he old Holy Name of Mary Mission in Tsiigehtchic, N.W.T., is bathed in the northern lights. The church is side by side with the new church. Photo by Bishop Jon Hansen

Capturing the northern spirit

  • December 11, 2020

Situated in one of Canada’s coldest and most geographically isolated regions, the area encompassed by the Diocese of MacKenzie-Fort Smith in the Northwest Territories is a nature lover’s dream.

Bishop Jon Hansen has been capturing that beauty with his photographic lens for the past five years he’s been living in the territory. A selection of those images has been curated into Missions in this Northern Land, a 2021 calendar raising funds for Catholic Missions In Canada (CMIC) and helping to engender hope in this winter season where many find themselves in isolation.

“I think pictures that are beautiful and that show our serene landscapes and beautiful wildlife stir our imaginations and help us to daydream,” said Hansen. “They keep in our minds these places that maybe we would like to be but are not able to be there right now (due to COVID-19).

“Keeping that imagination alive, at the heart of it, that’s what hope is all about. We have a promise of something beautiful. We just have to cling to the good memories that we’ve had before and know that we will share those memories with loved ones again.”

The MacKenzie-Fort Smith diocese is home to an estimated 36,000 Catholics and covers over one million square kilometres across the Northwest Territories. Unassuming when it comes to his artistic abilities, Hansen, who says he doesn’t consider himself a photographer, was inspired by other priests such as Bern Will Brown and René Fumoleau who are well known for their images of the region.

“Their paintings and photographs were always inspirations for me when I thought about being a missionary in the North,” said Hansen, who was pastor of Our Lady of Victory Parish in Inuvik for two-and-a-half years before being appointed bishop in 2018. “I knew I had to have a camera for my travels and started taking pictures and some of them turned out pretty good.”

The town of TuktoyaktukThe town of Tuktoyaktuk.

Among the many featured images, the calendar includes an image of an igloo Catholic church along the McKenzie River and a photograph of the Holy Name of Mary mission in Tsiigehtchic captured amid the northern lights. Hansen says though it’s hard to choose, a photo he took of a curled-up fox taken outside a retreat house on Trappers Lake in Yellowknife might be his personal favourite.

“It was a warm March day, and he was just basking in the sun, soaking in the heat,” recalled Hansen of the day he captured the fox. “He wasn’t too disturbed by me. As long as I didn’t get too close, he let me take pictures of him. He looked back at me once in a while. Other than that, he was just snoozing away.”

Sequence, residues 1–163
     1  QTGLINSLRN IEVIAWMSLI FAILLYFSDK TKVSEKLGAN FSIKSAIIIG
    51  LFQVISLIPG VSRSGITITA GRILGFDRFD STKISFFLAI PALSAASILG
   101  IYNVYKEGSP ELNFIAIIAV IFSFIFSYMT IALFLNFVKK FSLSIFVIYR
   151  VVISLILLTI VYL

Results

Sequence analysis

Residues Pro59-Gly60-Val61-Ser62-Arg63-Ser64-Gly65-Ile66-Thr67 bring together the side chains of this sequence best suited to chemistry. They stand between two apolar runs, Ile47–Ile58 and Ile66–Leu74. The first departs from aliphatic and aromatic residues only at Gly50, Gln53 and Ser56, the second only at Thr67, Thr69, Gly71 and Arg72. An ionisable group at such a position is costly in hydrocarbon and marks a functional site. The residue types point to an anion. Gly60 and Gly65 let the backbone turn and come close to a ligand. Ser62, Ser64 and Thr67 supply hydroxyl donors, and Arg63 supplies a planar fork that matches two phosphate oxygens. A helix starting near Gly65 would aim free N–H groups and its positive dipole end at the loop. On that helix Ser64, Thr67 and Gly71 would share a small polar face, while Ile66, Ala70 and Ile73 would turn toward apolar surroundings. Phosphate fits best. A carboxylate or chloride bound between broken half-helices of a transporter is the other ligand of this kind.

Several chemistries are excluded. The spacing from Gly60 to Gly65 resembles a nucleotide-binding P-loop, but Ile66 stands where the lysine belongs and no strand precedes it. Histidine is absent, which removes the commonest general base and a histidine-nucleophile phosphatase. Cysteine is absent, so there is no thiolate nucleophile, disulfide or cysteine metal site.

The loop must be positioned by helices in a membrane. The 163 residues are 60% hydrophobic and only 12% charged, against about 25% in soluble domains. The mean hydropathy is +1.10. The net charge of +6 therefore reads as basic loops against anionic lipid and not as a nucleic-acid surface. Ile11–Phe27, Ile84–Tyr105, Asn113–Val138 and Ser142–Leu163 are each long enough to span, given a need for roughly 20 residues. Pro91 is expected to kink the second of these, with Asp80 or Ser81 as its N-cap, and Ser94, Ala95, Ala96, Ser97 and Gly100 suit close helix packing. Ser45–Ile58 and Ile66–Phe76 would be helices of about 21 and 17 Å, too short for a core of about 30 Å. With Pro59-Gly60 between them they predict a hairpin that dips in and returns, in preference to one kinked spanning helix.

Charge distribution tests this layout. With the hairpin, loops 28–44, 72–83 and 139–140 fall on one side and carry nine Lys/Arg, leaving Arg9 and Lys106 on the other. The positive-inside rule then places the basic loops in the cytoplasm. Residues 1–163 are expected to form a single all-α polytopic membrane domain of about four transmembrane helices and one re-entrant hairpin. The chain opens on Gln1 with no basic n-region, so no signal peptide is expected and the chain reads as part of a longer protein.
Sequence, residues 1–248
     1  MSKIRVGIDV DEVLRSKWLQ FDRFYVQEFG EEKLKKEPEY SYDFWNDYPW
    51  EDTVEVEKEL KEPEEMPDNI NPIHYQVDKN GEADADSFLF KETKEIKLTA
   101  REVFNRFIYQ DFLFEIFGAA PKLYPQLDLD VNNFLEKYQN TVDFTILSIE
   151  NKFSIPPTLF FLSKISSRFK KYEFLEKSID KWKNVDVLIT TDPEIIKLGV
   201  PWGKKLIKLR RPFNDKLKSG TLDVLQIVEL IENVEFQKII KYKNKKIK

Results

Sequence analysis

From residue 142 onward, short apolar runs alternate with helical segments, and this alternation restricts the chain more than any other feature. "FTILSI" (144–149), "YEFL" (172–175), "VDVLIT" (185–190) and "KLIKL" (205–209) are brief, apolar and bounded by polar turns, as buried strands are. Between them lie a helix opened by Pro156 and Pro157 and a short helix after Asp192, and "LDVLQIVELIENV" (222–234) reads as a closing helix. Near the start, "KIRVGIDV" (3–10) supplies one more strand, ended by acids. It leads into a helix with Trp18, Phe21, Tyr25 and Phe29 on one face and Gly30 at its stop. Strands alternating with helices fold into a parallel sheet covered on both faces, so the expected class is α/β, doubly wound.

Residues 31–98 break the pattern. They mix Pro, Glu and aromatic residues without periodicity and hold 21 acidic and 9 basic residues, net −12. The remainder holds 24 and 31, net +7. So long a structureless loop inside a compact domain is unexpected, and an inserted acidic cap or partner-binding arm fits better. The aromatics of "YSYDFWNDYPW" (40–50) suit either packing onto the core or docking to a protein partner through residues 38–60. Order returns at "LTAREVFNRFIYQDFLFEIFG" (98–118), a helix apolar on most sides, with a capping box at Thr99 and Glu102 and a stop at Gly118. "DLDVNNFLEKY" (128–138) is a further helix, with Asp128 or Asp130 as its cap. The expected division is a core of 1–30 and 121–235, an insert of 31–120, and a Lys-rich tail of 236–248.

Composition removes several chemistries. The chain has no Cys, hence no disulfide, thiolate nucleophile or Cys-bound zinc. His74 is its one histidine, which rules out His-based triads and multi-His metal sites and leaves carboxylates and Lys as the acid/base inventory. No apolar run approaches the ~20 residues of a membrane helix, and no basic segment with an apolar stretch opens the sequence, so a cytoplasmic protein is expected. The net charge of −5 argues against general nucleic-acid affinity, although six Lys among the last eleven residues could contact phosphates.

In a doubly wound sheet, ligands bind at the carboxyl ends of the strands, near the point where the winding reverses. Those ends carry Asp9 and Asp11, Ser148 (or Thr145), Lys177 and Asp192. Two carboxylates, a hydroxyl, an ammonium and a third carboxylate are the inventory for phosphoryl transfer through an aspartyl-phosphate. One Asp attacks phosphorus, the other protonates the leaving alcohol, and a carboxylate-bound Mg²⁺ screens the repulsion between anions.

Hansen began the calendar project when he first moved to the territory in 2015 in order to raise funds for his parish which was struggling to make ends meet. Working with CMIC for the calendar project for the first time this year, 100 per cent of the proceeds will be going towards efforts to help the churches and missions across the diocese.

a red foxA red fox (a favourite of Bishop Hansen).

Fr. David Reilander, president of CMIC, says many Catholics in the more densely populated Canadian regions might be surprised to learn there are still missions in a developed nation as this one. Primarily inhabited by Indigenous peoples, Reilander says the small population covering a large expanse of land in the Northwest Territories has been challenged by high unemployment rates due to limited opportunities and unfarmable land, making it difficult to generate funds for the missions.

“Recently, you’ve been hearing about water problems among the Indigenous who live in extreme climates where unemployment is high,” said Reilander. “They need help because they can’t generate funds necessary to send a priest in because the priest may be having to fly in or travel very long distances and maybe is only there once a month. The calendar is helping to show (these challenges) and raise support.”

With a shortage of clergy due to COVID-19 regulations which mandate a two-week quarantine for anyone entering into the Northwest Territories from any other province or territory in the country, the Christmas season is projected to be a challenge for staffing. This Christmas Eve, Hansen will have his hands full ministering at St. Patrick’s Cathedral where they will be holding a half dozen or more services to make up for the limited capacity due to social distancing requirements. For Christmas day he will make his way to one of the remote missions to offer support.

Ice iglooAn ice igloo.

Despite the challenges, Hansen says there’s no place he would rather be and hopes that through the calendar, many Canadians who haven’t had the advantage of visiting the region will get a taste of it.

“It’s great people, beautiful cultures with lots of hunting, fishing and trapping, and many of the communities are still able to speak their first language, which are various dialects of the Dene language,” said Hansen.

“It’s an exotic wonderland of people. Down in the south I think most Canadians don’t realize what a beautiful gift we have in the First Nations people up here in the North. It’s just a beautiful peaceful place to live and work.”

For more info on how to support the calendar initiative visit cmic.info/product/2021-calendar, e-mail info@cmic.info or call (866) 937-2642.

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